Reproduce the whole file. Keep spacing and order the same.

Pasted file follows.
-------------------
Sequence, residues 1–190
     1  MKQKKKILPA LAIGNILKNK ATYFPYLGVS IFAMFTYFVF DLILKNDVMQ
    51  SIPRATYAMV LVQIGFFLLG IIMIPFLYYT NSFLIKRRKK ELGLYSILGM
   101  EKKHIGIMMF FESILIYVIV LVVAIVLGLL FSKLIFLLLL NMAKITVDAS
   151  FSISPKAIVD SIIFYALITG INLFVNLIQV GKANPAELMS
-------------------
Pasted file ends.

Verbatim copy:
Sequence, residues 1–190
     1  MKQKKKILPA LAIGNILKNK ATYFPYLGVS IFAMFTYFVF DLILKNDVMQ
    51  SIPRATYAMV LVQIGFFLLG IIMIPFLYYT NSFLIKRRKK ELGLYSILGM
   101  EKKHIGIMMF FESILIYVIV LVVAIVLGLL FSKLIFLLLL NMAKITVDAS
   151  FSISPKAIVD SIIFYALITG INLFVNLIQV GKANPAELMS